electro-Physics: 3.3 volts

From: Dwight K. Elvey <dwight.elvey_at_amd.com>
Date: Fri Dec 10 12:25:57 2004

>From: "Steve Thatcher" <melamy_at_earthlink.net>
>there is a secondary aspect to voltage reduction and that is reduced power
dissipation... which also translates to shoving more stuff into smaller
>-----Original Message-----
>From: "Joe R." <rigdonj_at_cfl.rr.com>
>Sent: Dec 9, 2004 9:51 PM
>To: "General Discussion: On-Topic and Off-Topic Posts" <cctalk_at_classiccmp.org>
>Subject: Re: electro-Physics: 3.3 volts
>At 09:30 PM 12/9/04 -0500, you wrote:
>>Today I started mothballing the VAX 6000 and noticed that a large part
>>of its power supply is on 3.3 volts, now common, but probably not in 1988.
>>Seems like something was invented, probably in chip design that made
>>3.3 so useful. I wonder what that was, when that landmark was reached.
> It wasn't a new invention. In was the fact that ICs were getting so
>dense that they couldn't squeeze in any more circuits unless they could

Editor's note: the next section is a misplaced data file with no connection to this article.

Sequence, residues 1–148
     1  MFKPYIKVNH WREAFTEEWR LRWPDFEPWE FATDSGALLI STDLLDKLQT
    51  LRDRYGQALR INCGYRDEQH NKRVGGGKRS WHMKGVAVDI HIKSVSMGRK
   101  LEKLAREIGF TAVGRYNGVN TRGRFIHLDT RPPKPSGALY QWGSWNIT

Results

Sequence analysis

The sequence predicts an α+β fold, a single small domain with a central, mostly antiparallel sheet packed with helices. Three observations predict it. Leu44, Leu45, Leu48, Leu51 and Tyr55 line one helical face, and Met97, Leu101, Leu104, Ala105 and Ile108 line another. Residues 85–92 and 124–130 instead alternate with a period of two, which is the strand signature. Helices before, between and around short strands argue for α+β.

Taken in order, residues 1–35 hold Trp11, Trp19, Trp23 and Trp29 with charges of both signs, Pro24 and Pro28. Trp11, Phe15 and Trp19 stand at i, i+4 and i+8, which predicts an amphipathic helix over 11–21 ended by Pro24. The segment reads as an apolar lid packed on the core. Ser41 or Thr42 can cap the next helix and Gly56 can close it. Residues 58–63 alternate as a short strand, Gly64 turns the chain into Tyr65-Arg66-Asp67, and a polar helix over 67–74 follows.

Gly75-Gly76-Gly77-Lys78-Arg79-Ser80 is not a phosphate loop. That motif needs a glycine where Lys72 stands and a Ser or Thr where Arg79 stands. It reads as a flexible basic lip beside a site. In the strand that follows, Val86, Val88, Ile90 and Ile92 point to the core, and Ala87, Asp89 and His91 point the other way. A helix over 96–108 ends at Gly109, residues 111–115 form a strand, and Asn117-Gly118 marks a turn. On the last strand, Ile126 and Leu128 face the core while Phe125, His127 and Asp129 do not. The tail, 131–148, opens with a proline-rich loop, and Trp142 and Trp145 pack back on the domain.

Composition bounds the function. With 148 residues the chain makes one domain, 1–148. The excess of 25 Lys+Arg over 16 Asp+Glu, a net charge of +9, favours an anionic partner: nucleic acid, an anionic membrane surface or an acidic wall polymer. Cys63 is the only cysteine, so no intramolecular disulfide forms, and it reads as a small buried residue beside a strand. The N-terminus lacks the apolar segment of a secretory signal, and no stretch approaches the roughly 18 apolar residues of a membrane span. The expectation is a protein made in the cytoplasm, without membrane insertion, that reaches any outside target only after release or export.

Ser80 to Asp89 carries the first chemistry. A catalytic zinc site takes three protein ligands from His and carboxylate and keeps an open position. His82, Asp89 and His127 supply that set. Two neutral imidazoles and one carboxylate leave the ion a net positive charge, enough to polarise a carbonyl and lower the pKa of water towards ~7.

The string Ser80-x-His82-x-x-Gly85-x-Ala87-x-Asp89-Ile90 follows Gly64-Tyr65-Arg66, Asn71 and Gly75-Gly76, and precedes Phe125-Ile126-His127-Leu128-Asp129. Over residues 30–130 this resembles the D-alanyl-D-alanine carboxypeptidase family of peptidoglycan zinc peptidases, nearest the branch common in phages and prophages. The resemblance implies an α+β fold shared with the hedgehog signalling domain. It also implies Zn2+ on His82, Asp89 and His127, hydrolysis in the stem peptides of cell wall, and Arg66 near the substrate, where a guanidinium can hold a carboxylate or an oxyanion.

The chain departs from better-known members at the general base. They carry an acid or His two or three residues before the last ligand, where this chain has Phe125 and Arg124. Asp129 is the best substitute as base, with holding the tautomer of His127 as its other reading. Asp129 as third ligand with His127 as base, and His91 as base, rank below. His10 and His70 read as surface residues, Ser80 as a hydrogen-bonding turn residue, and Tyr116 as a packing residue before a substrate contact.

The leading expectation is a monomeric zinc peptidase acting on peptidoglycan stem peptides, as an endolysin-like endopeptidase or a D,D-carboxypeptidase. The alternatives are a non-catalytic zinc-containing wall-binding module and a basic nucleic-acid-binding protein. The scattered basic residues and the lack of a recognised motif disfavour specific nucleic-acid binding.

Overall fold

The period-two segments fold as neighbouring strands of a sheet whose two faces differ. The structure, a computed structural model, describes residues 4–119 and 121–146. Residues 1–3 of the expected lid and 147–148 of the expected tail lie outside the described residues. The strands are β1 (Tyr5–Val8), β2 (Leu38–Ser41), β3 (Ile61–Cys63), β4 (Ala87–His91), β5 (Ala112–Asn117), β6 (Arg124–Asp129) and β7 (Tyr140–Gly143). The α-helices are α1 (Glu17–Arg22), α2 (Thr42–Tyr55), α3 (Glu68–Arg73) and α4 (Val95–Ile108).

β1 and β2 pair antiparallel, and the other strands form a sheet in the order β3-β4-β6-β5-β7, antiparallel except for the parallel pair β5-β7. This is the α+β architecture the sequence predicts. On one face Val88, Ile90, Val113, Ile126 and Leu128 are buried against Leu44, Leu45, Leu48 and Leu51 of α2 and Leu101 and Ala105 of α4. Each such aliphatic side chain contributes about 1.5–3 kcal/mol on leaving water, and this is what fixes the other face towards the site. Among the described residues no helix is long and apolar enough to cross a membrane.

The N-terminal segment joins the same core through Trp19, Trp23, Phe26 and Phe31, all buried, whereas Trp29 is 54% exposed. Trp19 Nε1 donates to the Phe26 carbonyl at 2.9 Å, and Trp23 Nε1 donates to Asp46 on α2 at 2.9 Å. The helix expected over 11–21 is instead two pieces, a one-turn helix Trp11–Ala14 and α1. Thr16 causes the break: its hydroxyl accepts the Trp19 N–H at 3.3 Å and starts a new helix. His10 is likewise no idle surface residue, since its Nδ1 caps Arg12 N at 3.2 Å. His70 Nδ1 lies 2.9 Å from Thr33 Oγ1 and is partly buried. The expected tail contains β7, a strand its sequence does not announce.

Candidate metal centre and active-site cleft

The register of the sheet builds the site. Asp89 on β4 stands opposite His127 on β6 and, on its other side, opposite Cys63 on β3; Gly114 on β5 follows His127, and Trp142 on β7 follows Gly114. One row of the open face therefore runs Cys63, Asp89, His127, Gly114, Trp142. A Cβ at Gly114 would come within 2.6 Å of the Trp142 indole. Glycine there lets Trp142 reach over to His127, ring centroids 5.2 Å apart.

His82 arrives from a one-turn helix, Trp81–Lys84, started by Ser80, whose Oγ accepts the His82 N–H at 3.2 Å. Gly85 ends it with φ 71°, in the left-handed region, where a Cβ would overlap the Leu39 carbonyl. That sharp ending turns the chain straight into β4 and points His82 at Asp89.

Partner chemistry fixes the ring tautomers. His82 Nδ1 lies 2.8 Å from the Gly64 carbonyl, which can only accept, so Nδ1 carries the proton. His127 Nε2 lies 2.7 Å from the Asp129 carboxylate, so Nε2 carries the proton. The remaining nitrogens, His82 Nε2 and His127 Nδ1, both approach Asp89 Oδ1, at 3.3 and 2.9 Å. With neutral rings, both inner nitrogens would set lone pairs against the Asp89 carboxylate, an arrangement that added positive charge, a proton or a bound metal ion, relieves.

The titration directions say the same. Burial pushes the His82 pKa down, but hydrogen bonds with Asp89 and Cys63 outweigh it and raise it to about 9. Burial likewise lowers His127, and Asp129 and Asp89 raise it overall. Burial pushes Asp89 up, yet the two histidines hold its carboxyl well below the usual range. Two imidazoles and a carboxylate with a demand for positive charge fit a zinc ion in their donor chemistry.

>reduce the space that the insualting layers took up. The layers were
>already so thin that they'd break down at about 5 1/2 volt so they had to
>reduce the voltage to 3.3 volts. Since then they've further reduced it to
>1.8 volts and (I think) now to 1.1 volts. And there are plans to reduce it
>even more. All so that they can reduce the bulk of the insulating layers
>and add more gates.
> Joe

 I don't think I'm giving away any trade secrets by mentioning
that the primary reason for going to lower voltages is to
reduce power consumption. The thinner oxides are to make them
work at lower voltages( needs more gain ). Power is a squared
factor of the voltage. Even a small reduction in voltage is
a big payoff in power. If we could make the transistors work
at 0.1 volts, we'd be doing it.
 Remember, we make these things.
from AMD.
Received on Fri Dec 10 2004 - 12:25:57 GMT

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